Unjust Transitions

Rebekah Diski

The steelworks at Port Talbot was once the largest in Europe, employing 18,000 people at its peak in the 1960s. While British steel production has fallen as part of the wider trend of deindustrialisation, the Welsh plant still employs 4000 of the town’s 32,000 residents and supports many more in the supply chain and the wider local economy. Last week, the Indian conglomerate Tata, which took over the works in 2007, announced plans to shut down Port Talbot’s two coal-fired blast furnaces and replace them with an electric arc furnace, cutting 2500 jobs within eighteen months.

Some elements of the press immediately decried the move as a sacrifice ‘on the altar of net zero’ by a government with a ‘zealotry’ for climate policy. Steel is one of the biggest industrial greenhouse gas emitters, with Port Talbot alone releasing more than 6.6 million tonnes of carbon dioxide each year. Any country serious about reducing its emissions must consider how to decarbonise its heavy industry.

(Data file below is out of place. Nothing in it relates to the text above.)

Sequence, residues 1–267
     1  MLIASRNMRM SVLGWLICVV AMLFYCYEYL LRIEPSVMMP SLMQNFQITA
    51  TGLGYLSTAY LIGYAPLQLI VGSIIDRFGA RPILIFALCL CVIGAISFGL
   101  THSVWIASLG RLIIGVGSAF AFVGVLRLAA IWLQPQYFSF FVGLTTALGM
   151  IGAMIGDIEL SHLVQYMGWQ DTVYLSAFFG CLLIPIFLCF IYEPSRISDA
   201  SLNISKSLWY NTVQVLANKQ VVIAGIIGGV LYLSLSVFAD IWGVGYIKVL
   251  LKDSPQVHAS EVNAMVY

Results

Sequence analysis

In Sweden, the government is backing a plan to produce steel using ‘green’ hydrogen instead of coal. It helps that the state owns Vattenfall, which generates, distributes and sells electricity, heat and gas, as well as one of the steel companies that, by 2030, will be producing five million tonnes of ‘green’ steel a year.

The Port Talbot announcement, however, is not the result of a coherent national decarbonisation plan (if such a thing existed, it probably wouldn’t involve drilling under the North Sea for every last drop of oil): it is merely the latest fumble by a government whose industrial strategy amounts to a smattering of inconsistent and belated policies, chronic underinvestment and desperate measures to keep private capital in the UK.

The Tata decision had more to do with the uncompetitive price of British steel, due to comparatively high energy costs, than pressure from the net zero agenda. Tata, which had been haemorrhaging money at Port Talbot and threatening to pull out completely, has accepted £500 million in financial assistance from the government to move to a cheaper and greener process. British Steel, owned since 2020 by the Chinese firm Jingye, has demanded the same amount to convert its furnaces in Scunthorpe, risking 2000 jobs.